A leaner, more efficient air cargo market post-Covid – but more expensive
Covid-19 has created a slimline and more efficient – if more expensive – air cargo ...
Container shippers should expect more blanked sailings and increased freight rates if China’s coronavirus outbreak extends factory closures, while airlines are scrambling to reduce flights into the country.
The government has already extended the lunar new year holiday until 2 February, but workers in major cities like Shanghai and Ningbo have been told to stay home until 10 February.
“Should this additional week-long shut down be extended nationally, it would be no small thing and would represent a tough-to-recover 2% hit to China’s GDP,” according to Freightos.
“Normally, ocean freight rates stay elevated and capacity remains tight in the short-term following Chinese New Year, as carriers accommodate both the backlog of shipments that didn’t get moved before the holiday and the new orders placed as the factories come back on line.
“Should the shutdown get extended by a week, the backlog would double, pushing freight rates up and lead to delays for many shippers.
“Limited trucking capacity could also cause some cancellations,” Freightos added. “This backlog could also motivate some time-sensitive importers to shift modes from ocean to air.”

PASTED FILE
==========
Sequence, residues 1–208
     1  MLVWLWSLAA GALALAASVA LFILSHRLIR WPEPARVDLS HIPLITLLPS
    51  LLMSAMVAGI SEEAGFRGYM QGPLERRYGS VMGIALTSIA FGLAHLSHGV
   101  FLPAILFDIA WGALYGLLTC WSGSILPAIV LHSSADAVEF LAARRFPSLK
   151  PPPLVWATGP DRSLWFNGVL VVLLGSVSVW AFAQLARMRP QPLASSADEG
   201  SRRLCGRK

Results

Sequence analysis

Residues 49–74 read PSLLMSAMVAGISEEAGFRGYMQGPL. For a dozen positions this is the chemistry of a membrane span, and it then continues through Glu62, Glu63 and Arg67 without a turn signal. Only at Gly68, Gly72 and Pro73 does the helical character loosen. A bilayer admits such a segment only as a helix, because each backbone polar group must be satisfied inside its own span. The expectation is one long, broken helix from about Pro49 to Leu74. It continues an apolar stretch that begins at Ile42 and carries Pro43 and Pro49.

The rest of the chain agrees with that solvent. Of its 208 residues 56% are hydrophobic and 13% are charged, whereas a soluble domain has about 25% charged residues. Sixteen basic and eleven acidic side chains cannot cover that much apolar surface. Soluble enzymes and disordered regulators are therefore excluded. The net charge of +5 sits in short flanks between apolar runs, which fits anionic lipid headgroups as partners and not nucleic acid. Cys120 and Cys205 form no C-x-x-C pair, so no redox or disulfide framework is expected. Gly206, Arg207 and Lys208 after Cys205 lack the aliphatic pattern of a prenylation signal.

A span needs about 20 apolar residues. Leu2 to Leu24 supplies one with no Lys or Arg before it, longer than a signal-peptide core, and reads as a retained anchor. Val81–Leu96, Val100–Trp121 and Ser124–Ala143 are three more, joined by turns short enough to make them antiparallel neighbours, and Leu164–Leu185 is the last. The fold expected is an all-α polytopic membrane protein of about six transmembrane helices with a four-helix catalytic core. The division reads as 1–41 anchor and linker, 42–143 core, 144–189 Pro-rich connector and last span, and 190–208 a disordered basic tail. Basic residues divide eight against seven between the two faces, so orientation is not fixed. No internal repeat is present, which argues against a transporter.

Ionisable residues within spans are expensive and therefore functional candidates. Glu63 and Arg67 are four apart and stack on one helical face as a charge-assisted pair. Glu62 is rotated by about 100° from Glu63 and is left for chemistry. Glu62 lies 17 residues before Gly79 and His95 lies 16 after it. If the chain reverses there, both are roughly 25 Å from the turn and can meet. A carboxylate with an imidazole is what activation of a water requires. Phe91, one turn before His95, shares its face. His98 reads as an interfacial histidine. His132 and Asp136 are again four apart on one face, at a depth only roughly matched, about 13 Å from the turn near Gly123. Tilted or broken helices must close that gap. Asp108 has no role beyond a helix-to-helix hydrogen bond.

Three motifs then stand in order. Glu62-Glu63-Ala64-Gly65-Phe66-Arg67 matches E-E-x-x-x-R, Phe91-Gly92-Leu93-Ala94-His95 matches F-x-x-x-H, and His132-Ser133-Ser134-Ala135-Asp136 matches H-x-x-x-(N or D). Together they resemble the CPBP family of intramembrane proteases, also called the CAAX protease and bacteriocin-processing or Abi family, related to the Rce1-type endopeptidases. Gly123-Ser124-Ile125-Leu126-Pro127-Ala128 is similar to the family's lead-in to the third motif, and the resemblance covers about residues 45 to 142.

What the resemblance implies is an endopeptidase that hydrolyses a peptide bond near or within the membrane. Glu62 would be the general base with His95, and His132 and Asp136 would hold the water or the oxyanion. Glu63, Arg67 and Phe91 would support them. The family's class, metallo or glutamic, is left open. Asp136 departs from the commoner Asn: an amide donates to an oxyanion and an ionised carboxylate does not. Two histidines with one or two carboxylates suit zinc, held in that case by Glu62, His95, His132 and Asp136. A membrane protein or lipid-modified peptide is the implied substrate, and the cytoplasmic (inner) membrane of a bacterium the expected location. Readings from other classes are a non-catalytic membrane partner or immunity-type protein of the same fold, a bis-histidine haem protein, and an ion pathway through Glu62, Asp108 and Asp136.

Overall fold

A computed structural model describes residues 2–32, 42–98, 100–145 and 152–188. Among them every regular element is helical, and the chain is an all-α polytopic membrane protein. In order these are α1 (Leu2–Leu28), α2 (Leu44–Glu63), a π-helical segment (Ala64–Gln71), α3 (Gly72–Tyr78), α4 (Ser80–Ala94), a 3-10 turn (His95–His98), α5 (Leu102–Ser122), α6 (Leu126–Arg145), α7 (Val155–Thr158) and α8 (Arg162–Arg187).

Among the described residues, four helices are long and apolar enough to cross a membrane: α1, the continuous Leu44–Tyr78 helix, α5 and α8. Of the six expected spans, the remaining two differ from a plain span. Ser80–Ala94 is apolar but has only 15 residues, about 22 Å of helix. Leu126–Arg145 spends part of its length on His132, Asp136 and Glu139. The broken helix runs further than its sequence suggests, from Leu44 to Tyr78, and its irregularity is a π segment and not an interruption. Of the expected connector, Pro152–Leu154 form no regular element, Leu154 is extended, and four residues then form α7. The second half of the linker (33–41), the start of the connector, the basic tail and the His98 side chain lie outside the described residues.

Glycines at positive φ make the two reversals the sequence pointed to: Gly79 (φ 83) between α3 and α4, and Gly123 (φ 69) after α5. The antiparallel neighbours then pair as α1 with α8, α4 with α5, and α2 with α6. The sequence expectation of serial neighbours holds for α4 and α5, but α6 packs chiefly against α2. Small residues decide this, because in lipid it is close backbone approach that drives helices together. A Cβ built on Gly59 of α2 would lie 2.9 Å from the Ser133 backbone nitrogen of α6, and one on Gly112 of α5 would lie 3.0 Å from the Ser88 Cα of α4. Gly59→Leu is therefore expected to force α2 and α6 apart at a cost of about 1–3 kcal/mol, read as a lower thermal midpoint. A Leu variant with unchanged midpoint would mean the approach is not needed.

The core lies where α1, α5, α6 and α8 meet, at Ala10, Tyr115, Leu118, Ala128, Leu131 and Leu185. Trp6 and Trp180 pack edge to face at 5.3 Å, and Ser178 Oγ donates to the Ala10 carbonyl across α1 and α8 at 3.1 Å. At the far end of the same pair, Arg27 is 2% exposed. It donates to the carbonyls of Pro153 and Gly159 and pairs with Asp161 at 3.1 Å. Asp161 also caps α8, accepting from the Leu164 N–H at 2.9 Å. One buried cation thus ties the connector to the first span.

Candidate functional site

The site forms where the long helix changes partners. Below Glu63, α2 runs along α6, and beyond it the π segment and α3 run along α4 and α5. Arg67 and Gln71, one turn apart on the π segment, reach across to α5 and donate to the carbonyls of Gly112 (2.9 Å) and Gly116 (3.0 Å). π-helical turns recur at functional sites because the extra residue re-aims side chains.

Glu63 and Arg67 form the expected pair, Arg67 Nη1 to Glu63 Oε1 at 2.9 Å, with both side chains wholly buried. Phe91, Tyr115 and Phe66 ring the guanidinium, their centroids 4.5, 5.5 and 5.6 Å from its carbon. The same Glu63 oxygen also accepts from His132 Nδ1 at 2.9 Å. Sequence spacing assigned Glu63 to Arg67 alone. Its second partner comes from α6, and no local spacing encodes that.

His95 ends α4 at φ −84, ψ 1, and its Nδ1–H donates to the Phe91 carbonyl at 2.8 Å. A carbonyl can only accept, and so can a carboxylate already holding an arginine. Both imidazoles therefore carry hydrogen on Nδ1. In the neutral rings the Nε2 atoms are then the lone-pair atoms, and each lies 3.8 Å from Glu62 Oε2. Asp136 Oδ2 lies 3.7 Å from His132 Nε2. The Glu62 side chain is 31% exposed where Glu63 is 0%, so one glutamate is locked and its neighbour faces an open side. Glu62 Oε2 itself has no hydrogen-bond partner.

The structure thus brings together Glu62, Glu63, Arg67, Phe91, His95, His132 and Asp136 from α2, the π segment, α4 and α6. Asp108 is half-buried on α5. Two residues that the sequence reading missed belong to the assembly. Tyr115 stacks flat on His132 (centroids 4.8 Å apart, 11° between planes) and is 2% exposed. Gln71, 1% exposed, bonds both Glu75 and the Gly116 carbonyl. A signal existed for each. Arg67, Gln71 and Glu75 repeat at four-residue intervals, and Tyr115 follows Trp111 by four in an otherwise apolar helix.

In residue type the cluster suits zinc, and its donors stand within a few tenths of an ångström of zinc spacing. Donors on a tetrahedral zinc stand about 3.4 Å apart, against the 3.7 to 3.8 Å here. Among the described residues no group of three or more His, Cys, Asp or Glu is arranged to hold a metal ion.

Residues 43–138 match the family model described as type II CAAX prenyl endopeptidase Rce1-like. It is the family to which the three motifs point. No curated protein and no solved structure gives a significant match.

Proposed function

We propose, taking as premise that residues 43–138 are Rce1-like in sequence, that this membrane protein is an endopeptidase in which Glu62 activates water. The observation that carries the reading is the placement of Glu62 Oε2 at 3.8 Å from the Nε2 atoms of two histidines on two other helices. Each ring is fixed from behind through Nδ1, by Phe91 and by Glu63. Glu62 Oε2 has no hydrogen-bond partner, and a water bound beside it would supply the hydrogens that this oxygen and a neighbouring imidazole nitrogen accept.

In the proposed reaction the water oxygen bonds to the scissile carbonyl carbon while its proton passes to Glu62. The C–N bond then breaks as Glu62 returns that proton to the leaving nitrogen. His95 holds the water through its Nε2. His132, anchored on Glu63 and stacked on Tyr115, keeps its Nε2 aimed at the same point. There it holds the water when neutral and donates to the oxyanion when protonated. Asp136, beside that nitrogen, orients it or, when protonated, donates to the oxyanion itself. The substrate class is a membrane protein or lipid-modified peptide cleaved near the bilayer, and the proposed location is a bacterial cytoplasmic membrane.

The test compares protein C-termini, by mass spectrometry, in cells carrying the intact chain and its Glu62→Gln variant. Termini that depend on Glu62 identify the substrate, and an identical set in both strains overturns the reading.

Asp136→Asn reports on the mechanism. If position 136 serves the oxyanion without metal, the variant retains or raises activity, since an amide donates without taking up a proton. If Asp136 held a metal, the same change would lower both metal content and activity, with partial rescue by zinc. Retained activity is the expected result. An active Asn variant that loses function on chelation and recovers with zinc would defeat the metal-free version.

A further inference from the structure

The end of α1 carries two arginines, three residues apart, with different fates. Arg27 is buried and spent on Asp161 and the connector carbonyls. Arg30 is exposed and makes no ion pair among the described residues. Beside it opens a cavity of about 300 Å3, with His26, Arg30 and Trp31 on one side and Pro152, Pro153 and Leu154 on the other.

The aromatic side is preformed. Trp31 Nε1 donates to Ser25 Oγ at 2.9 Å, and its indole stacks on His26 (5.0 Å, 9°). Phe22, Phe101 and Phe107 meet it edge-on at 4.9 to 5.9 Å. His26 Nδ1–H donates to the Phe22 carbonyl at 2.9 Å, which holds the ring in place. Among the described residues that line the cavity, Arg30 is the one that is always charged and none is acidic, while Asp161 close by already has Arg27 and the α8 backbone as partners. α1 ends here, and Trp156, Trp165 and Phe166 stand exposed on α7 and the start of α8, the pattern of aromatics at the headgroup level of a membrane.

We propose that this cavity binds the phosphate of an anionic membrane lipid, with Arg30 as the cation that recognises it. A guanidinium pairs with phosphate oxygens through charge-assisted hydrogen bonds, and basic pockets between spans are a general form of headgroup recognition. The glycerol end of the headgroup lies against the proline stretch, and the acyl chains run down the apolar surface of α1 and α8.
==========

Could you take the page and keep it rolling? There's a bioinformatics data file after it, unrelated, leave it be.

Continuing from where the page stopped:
Alphaliner said: “Further blank sailings could be announced in anticipation of a slow recovery in cargo volumes.”
In a notice to customers, APL said there had been no significant impact to vessel schedules so far, and “other than Wuhan, all Chinese ports remain open.”
The shipping industry is working hard to ensure port calls can continue as normal. For example, the International Chamber of Shipping (ICS) said it had advised shipowners to follow World Health Organisation measures to limit the spread of the virus, “avoiding the needless closure of any port”, added ICS secretary general Guy Platten.
Terminal operator DP World has suspended all non-essential staff travel to China, according to Reuters. The operator has three facilities in mainland China and one in Hong Kong.
Forwarder Norman Global Logistics, which has offices in Hong Kong and across mainland China, warned customers: “Kindly note that the third-party operations, may be affected. Delays for truckers, port operations and customs authorities could take place.”
Airlines have begun reducing flights to China, including British Airways, which has suspended all direct flights from the UK, and United Airlines, which will cut some flights from the US due to falling demand.
Hong Kong’s Cathay Pacific said it would be “progressively reducing the capacity of our passenger flights to and from mainland China by 50% or more from 30 January to the end of March.” The carrier’s freighters continue to operate as scheduled, it said.
E-commerce sellers are becoming increasingly concerned. According to David Jinks, head of consumer research at ParcelHero, there have been no significant delays in shipments to or from China so far, “but we expect the situation to change”, he told Retail Times.
“China has been forced to act over the concerns of shoppers in its key export markets. China Post’s Express Mail Service announced on Sunday that it would delay shipping orders to disinfect goods.”
There are to date 6,145 coronavirus cases worldwide resulting in 132 deaths, according to the South China Morning Post.